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Review: Netflix’s The Prom Is the Dream Date It Wasn’t on Broadway

Ryan Murphy’s vibrant film adaptation makes a closer-to-seamless whole of the story’s disparate parts.

The Prom
Photo: Netflix

When The Prom opened on Broadway in 2018, it wasn’t quite the dream date it might have been. Despite amassing a small, passionate following and six Tony nods, the musical—which fizzled in trying to fuse a gentle queer teen romance set in rural America with a sardonic, self-referential satire on show business—closed in less than a year.

Now, though, The Prom has found its proper soulmate in Netflix, as Ryan Murphy’s vibrant film adaptation makes a closer-to-seamless whole of the story’s disparate parts, thanks to a cast that smooths over the musical’s roughest edges. There’s still buoyancy in the backflip-saturated choreography of Casey Nicholaw (who directed the Broadway production) and in the often-charming score from Matthew Sklar and Chad Beguelin, but it’s the newly enriched humanity of the show’s most extreme characters—both the Broadway bigwigs and the backwater bigots—that allows The Prom to soar on the screen.

After the disastrous reviews for their lousy Eleanor Roosevelt musical threaten to end their careers, Broadway has-beens Dee Dee Allen (Meryl Streep) and Barry Glickman (James Corden) hatch a desperate plot to recapture the spotlight: They will become celebrity activists. But every celebrity activist needs, as Dee Dee puts it, a “cause célèbre,” and a quick Twitter search directs them to Emma Nolan (Jo Ellen Pellman), a teen from Edgewater, Indiana, where the high school PTA has canceled prom to prevent Emma from attending with her girlfriend. Off Dee Dee and Barry go, along with showgirl Angie (Nicole Kidman), Juilliard-educated bartender Trent (Andrew Rannells), and a bus filled with the non-equity touring cast of Godspell, to take a stand against Edgewater’s ignorant Hoosiers and, if all goes well, go viral.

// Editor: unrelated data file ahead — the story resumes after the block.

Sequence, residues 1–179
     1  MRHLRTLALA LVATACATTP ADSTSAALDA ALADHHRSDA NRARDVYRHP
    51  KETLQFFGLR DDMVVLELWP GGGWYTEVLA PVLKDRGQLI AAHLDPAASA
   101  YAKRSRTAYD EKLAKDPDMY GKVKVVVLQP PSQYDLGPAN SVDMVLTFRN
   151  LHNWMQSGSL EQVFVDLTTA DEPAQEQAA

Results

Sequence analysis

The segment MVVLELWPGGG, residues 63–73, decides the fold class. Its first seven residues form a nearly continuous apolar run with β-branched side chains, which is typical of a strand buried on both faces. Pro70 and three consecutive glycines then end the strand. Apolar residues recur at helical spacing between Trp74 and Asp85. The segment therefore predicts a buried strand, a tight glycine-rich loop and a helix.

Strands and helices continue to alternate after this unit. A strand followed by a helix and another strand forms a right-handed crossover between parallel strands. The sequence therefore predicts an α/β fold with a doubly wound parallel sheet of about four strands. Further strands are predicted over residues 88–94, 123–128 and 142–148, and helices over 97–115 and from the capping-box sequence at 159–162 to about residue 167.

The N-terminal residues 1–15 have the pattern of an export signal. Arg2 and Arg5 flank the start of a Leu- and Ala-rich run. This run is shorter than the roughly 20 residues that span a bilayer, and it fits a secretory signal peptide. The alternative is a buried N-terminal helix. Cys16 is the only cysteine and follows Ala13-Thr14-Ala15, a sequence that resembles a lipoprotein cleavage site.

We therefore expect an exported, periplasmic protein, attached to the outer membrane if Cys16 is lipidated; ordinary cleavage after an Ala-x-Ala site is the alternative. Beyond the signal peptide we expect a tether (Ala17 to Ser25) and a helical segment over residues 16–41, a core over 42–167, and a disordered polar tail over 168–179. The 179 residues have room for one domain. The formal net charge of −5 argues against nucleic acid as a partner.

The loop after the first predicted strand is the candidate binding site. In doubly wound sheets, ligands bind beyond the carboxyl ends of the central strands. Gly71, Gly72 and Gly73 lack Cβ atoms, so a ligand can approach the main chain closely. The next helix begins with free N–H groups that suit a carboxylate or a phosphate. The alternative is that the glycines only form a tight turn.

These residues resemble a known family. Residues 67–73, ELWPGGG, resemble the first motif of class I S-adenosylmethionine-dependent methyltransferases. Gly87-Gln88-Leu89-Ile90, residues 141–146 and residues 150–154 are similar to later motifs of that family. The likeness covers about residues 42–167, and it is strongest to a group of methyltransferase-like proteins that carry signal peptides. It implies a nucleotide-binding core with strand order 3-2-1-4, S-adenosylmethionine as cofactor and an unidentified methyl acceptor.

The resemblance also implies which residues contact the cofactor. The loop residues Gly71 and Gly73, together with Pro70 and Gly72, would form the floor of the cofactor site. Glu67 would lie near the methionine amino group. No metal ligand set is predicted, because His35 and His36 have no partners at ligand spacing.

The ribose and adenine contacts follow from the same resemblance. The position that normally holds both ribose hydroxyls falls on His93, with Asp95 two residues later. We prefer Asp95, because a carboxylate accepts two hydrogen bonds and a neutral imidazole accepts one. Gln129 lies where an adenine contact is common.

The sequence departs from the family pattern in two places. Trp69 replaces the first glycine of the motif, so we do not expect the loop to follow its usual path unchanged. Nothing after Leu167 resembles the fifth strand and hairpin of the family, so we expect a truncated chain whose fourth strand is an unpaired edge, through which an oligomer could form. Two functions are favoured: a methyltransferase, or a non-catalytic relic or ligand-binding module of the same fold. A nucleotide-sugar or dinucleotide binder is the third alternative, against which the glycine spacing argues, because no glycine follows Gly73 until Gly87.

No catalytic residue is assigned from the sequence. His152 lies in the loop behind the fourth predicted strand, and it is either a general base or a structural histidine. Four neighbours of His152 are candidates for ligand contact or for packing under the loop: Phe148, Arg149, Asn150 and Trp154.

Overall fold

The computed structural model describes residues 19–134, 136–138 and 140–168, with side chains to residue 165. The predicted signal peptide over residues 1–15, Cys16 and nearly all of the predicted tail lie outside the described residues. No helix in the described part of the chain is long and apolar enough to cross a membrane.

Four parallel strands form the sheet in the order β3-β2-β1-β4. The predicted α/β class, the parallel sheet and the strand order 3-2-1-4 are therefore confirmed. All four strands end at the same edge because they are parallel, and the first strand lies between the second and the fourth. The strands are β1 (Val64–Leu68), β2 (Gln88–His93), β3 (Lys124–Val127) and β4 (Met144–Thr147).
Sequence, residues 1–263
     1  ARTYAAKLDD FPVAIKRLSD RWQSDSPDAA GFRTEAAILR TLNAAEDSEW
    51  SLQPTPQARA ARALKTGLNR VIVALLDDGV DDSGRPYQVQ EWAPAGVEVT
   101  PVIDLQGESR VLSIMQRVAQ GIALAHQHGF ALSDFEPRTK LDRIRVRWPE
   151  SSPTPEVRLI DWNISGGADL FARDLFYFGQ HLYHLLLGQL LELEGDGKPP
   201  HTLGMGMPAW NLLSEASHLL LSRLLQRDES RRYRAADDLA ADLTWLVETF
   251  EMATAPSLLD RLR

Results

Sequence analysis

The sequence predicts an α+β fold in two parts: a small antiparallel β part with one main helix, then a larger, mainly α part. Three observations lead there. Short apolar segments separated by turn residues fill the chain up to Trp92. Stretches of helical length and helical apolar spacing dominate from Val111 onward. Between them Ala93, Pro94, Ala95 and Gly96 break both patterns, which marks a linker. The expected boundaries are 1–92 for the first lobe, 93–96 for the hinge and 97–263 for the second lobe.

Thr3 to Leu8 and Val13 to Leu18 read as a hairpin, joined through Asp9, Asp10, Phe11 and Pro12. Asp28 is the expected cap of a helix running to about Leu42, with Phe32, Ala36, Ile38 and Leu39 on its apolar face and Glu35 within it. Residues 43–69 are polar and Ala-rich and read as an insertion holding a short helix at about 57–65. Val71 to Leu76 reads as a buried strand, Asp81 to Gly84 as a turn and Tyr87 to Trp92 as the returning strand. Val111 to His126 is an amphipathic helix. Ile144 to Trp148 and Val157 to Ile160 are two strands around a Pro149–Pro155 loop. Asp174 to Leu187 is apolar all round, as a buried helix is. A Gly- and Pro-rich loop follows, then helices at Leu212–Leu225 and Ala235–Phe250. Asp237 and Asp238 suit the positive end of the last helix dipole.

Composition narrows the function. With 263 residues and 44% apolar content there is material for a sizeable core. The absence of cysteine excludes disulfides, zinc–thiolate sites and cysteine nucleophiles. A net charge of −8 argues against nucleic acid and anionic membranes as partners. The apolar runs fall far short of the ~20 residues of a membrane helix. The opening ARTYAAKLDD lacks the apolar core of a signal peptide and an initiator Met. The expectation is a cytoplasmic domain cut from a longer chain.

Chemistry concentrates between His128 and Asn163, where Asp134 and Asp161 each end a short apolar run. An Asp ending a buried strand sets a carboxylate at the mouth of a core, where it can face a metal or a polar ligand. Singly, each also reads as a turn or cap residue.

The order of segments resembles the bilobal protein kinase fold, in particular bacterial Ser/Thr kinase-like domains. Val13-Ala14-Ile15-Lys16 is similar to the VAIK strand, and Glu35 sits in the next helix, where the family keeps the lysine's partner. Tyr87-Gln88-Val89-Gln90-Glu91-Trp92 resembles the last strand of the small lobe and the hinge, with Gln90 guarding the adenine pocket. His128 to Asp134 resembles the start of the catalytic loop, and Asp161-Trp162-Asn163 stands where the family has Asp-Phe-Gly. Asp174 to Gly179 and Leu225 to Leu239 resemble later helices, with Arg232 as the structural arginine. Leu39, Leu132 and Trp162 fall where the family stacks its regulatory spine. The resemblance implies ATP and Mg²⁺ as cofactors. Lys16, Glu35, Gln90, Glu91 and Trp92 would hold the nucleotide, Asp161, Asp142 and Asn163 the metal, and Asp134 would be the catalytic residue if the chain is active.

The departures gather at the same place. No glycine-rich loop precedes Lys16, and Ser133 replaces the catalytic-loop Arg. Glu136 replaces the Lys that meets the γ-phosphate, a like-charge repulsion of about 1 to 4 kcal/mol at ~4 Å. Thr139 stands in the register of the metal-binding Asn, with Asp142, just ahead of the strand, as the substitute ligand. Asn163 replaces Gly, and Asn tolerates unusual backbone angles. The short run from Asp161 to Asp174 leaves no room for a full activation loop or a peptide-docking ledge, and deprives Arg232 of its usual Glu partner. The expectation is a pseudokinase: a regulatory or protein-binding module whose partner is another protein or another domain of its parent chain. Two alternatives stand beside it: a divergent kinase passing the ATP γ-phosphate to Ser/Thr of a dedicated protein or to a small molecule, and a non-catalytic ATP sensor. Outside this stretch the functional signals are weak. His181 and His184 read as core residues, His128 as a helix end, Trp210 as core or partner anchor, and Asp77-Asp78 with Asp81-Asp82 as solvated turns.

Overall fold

On stage, The Prom never quite managed to meld the over-the-top self-worship of the Broadway invaders with the small-town sweetness of Emma’s romance with closeted Alyssa (Ariana DeBose), daughter of PTA chair and local homophobe-in-chief Mrs. Greene (Kerry Washington). As in the stage production, the richest moments are those shared between Emma and Alyssa; here, DeBose sounds especially spectacular, and Murphy sets up the loveliest song, “Dance with You,” in a tender swirl of cherry blossoms.

About halfway through, the film starts to commit the same sin as the showboating, self-involved quartet of Broadway divas by sidelining Emma, forgetting why we came to Edgewater in the first place. But while this detour largely sank the stage show, drowning the sincerity of Emma’s storyline in loud hamminess, two smart choices pull the film back from the brink. One is the deepening of Barry’s backstory: Like Emma, Barry knows what it’s like to come out to an unaccepting family, and the film adds a moving reunion with his mother (Tracey Ullman). When Barry celebrates the opportunity to finally go to prom, a rite of passage robbed from him in adolescence, Murphy shows Barry dancing triumphantly with his younger self. The visual flexibility of filmic storytelling elevates musical moments like these—and, in this case, takes the focus off Corden’s performance, which is often hampered by a shoddy American accent.

The even wiser move is casting Streep, who, even when Dee Dee is at her most vain, conveys the plausible performativeness of a woman who cloaks her imposter syndrome and fear of betrayal behind bombast that prevents anyone from getting too close. So when Emma learns that she can affect change in Indiana all on her own, the Broadway gang’s vainglorious sojourn doesn’t feel like it’s been a waste of their time or ours. Streep undergirds Dee Dee’s shift toward altruistic action, absurdly outsized as the character may be, with an awareness of her underlying fragility, as she grows stronger and more vulnerable by meeting Emma and a principal (Keegan-Michael Key) who holds Dee Dee accountable for her selfishness.

Less plausible is the en masse about-face of Emma’s intolerant classmates, but on the individual level, Washington’s taut take on a mother torn between her love for her daughter and her entrenched beliefs is less a portrait of radical transformation than a carefully calibrated redefinition of what it means to care for a child. Though her part is small, Washington packs paragraphs of meaning into each worried glance or slowly softening glare. It turns out what this big Broadway musical needed most of all was the precision of a close-up.

Cast: Meryl Streep, James Corden, Jo Ellen Pellman, Nicole Kidman, Keegan-Michael Key, Andrew Rannells, Ariana Debose, Kerry Washington, Tracey Ullman, Kevin Chamberlin, Mary Kay Place Director: Ryan Murphy Screenwriter: Bob Martin, Chad Beguilin Distributor: Netflix Running Time: 131 min Rating: PG-13 Year: 2020

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